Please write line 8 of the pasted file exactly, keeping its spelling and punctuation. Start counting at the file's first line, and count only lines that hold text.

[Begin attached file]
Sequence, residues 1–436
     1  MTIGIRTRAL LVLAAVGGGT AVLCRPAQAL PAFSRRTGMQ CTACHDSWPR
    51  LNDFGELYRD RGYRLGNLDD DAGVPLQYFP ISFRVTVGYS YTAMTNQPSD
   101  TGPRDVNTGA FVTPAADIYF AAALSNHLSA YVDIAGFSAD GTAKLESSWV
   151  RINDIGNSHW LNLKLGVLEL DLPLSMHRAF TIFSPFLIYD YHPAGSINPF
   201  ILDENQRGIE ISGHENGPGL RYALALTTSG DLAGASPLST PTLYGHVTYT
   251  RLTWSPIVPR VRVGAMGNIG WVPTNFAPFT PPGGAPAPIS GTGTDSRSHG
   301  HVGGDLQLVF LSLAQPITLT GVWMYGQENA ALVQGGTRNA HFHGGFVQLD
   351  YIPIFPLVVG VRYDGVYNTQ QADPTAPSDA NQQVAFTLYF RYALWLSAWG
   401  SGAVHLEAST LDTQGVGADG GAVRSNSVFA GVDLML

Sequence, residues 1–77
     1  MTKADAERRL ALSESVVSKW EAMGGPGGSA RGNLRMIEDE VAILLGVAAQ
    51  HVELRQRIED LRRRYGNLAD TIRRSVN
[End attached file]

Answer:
   301  HVGGDLQLVF LSLAQPITLT GVWMYGQENA ALVQGGTRNA HFHGGFVQLD